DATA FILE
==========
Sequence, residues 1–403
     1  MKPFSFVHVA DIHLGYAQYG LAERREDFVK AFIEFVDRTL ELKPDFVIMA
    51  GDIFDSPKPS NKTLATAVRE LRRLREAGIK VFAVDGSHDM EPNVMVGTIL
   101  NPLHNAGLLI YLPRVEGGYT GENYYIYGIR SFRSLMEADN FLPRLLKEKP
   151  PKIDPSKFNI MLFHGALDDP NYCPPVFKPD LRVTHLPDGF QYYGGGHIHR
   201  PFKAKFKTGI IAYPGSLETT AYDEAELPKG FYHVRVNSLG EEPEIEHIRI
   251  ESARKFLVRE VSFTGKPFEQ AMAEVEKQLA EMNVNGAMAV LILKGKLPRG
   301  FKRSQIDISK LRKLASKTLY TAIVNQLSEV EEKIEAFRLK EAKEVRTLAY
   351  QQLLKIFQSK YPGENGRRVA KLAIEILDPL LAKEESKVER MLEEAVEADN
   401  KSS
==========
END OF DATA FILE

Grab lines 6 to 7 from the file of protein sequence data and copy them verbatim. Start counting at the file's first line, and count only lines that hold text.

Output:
   201  PFKAKFKTGI IAYPGSLETT AYDEAELPKG FYHVRVNSLG EEPEIEHIRI
   251  ESARKFLVRE VSFTGKPFEQ AMAEVEKQLA EMNVNGAMAV LILKGKLPRG